Psychiatric nursing, although advanced in areas of interpersonal skills and manpower management, have been sadly lacking in the area of research relating to practice. This book aims to provide empirical evidence in relation to understanding a fundamental aspect of the psychiatric nurses' role, namely what constitutes the therapeutic relationship. The problems nurses face in their approach to risk assessment and management, which is affected to a considerable degree by who defines that risk and how it is defined, are discussed. Furthermore, whether we like it or not, risk assessment and management is a regular and daily occurrence in health care. Using case vignettes from teaching and therapeutic research, the authors of this book explore ways in which inner and outer dialogues are at play as the mental health nurse attempts to make sense of the experiences of mental pain narrated by people in his/her case. In addition, work-stress and burnout complaints are increasingly leading to higher levels of absentee rates at work.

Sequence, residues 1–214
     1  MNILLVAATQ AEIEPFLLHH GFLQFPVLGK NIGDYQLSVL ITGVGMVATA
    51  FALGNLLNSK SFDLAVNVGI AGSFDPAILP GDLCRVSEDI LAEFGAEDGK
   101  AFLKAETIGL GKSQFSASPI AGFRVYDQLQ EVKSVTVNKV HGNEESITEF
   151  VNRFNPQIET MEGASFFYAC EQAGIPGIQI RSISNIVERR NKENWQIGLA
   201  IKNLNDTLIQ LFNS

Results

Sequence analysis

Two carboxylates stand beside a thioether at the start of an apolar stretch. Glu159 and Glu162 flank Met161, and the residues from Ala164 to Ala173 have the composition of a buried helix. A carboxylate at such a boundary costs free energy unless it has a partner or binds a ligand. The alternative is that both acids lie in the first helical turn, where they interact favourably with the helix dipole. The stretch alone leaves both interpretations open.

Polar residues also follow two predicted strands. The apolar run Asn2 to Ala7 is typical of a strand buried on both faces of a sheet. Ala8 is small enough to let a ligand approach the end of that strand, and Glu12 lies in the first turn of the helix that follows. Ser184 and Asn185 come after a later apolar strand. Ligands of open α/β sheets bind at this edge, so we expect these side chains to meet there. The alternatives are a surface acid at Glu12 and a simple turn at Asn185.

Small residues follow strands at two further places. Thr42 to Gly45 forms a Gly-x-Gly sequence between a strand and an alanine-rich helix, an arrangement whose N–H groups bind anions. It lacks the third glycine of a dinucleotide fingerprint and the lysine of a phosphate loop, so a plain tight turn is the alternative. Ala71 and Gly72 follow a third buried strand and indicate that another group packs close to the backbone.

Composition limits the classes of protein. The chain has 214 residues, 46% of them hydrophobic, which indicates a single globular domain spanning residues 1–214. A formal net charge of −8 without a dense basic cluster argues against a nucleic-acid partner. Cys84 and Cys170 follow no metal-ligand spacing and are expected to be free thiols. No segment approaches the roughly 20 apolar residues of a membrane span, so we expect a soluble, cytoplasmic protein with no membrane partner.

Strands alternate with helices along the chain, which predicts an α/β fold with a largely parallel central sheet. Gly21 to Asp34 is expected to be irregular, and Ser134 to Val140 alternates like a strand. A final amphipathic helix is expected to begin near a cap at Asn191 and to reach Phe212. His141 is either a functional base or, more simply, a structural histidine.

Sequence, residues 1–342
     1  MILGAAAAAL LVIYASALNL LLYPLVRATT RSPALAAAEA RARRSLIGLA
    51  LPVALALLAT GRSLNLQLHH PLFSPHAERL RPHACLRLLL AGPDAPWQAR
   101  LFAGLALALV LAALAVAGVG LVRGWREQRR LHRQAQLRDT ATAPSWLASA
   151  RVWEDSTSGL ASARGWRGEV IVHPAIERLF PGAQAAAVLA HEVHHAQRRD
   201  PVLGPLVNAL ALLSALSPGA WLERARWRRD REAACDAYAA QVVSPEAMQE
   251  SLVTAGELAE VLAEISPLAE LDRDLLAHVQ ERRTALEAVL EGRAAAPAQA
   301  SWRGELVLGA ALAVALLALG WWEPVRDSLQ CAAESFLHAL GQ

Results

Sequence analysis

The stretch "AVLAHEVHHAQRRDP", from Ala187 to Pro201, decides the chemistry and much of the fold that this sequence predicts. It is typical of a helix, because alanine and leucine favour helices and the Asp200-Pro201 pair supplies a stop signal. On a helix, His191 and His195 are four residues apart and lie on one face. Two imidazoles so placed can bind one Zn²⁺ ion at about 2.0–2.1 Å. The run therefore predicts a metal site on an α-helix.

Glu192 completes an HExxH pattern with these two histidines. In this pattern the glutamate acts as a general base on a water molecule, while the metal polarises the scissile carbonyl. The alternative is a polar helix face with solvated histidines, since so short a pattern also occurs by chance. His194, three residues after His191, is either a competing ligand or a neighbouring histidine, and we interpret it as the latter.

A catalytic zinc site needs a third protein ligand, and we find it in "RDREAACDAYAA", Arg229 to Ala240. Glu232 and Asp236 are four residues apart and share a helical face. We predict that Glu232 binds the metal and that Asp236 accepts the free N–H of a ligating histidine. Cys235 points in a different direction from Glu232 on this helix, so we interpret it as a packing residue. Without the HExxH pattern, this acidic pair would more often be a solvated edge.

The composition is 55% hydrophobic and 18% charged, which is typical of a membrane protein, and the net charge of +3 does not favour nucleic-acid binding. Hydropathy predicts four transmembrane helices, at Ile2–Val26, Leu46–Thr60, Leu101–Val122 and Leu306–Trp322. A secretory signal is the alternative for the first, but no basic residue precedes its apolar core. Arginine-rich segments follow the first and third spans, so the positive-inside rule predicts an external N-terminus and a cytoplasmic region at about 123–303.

Superimposed organisational demands, work overload and limited decision-making capacities are often associated with the development of occupational stress by nurses that eventually create a sensation of professional burnout. A comprehensive literature review relating to nursing burnout, an issue that has received increasing interest from researchers and healthcare administrators is explored in this book. Other chapters address individual work experiences, coping strategies and health decisions made by nurses for patient care.